Child Safety: Pets
Keep pets in good health
All pets, whether they are kept indoors or outside, should be in good health, show no evidence of disease, and be friendly toward children. The following suggestions benefit your pets and may also help protect young children from both illness and injury:
Train and prepare dogs
If you have a dog, train and prepare it for contact with children. Many dogs will try to dominate children because of their small size. Also, some children aren't well-behaved around animals. These factors put children at risk for injury. The following suggestions can help prevent such problems. Some of the suggestions may also work with other pets:1
Pets and newborns
Be especially careful when bringing a newborn home where a pet has enjoyed "only child" status. Animals can become jealous, aggressive, and defensive about trying to protect their place in the family. Also, newborns don't act, smell, or sound human, which may confuse pets. The weak, high-pitched cry of newborns may also sound like prey to animals. Even a very loving, well-behaved pet can quickly transform into predator mode with a newborn.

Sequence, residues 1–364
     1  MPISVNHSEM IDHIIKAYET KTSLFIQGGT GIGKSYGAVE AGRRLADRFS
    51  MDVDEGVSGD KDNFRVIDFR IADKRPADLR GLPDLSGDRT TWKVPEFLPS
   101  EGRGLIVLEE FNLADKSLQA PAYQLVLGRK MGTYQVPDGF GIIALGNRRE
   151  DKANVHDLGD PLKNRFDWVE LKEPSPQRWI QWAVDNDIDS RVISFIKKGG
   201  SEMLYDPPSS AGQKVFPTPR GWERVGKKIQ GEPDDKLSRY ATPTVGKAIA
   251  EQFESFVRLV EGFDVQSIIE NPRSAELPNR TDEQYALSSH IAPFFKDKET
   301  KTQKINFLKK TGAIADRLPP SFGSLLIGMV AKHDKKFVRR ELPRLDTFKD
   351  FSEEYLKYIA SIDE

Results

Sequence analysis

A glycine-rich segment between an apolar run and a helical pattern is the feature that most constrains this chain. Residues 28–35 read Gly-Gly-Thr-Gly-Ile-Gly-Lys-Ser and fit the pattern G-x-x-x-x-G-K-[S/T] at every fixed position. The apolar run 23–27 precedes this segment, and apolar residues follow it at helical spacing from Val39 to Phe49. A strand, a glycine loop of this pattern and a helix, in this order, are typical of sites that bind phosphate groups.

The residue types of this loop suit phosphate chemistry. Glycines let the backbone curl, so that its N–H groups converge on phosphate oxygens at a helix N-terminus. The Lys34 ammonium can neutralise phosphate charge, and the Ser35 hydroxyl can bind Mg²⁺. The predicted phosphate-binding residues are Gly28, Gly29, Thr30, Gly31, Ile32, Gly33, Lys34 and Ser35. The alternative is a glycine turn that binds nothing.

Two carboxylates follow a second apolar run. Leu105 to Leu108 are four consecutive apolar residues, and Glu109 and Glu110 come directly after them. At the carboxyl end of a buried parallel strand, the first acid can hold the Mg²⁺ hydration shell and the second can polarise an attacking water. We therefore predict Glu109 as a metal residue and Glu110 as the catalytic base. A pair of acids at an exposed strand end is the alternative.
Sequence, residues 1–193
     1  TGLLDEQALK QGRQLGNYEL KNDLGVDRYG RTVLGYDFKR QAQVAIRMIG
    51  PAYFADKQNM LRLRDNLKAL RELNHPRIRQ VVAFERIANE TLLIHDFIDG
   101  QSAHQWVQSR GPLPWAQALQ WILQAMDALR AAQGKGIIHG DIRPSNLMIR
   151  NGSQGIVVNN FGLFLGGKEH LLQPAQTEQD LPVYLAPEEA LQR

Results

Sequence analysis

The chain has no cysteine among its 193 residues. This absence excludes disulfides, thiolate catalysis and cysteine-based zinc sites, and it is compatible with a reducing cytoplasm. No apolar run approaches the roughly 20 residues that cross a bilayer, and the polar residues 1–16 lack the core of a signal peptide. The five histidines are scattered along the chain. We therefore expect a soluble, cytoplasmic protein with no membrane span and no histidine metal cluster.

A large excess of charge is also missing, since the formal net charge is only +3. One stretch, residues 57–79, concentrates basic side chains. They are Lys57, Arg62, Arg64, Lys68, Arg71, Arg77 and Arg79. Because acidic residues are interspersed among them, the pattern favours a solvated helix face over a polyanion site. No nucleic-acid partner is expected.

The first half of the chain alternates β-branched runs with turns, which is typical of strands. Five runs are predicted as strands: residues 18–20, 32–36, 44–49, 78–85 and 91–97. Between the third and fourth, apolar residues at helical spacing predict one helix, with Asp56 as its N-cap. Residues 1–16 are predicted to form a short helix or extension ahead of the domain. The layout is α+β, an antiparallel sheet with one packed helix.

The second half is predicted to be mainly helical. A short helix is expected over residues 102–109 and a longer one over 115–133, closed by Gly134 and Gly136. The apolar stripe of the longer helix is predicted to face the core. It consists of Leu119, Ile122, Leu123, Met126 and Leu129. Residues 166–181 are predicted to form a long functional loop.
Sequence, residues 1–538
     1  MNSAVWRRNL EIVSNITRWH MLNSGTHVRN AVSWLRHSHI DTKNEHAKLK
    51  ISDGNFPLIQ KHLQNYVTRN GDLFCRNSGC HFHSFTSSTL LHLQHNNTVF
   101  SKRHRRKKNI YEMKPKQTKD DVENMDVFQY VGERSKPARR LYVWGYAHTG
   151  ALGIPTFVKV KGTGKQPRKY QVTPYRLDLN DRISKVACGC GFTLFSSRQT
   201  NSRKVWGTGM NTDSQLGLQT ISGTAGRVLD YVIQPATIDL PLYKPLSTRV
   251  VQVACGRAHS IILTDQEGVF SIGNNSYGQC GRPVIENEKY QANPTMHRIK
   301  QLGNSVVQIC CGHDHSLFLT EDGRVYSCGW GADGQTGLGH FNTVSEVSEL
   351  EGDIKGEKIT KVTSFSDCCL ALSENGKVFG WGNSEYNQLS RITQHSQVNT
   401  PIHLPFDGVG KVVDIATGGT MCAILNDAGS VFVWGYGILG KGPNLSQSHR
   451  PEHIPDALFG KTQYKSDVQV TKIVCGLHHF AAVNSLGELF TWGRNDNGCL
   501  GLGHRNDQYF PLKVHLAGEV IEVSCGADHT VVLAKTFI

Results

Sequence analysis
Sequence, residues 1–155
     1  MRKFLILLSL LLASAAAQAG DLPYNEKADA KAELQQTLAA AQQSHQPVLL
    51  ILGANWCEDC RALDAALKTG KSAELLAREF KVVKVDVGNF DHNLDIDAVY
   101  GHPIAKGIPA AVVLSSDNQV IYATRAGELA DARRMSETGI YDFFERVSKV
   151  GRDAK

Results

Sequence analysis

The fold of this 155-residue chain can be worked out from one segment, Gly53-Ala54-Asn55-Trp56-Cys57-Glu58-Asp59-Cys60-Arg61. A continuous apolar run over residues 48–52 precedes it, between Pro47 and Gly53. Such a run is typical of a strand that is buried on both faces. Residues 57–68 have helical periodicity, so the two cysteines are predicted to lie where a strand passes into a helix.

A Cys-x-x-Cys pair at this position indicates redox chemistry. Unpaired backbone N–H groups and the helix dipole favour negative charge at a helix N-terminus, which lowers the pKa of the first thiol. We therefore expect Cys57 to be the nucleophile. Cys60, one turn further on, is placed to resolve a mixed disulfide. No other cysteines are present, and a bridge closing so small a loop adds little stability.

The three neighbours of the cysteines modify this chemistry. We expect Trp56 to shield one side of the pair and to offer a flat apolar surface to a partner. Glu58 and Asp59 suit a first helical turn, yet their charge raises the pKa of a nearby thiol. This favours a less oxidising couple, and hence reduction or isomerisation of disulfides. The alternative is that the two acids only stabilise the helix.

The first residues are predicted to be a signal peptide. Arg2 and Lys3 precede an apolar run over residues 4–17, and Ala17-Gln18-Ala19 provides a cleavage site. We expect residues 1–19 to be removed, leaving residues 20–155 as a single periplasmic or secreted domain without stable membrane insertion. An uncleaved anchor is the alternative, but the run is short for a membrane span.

Try the following to prepare your pet for sharing its home with an infant:1
Before the baby is born
After the baby is born
Pets and young children
Children will likely encounter pets whether or not they have them in their own home. Teach your children how to approach animals, and set rules for your children to follow when they are around a pet:
Also, teach children how to react if they are confronted with an aggressive pet. The following apply specifically to dogs, but some concepts can apply to other household pets:
eMedicineHealth Medical Reference from Healthwise
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